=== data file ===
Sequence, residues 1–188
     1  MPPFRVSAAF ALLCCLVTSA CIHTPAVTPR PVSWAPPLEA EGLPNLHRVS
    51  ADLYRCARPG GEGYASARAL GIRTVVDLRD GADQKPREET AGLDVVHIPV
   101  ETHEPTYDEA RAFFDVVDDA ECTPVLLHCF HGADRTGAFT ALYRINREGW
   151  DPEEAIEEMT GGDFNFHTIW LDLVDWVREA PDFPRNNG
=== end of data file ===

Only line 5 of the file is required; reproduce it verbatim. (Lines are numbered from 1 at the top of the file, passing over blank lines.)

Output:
   151  DPEEAIEEMT GGDFNFHTIW LDLVDWVREA PDFPRNNG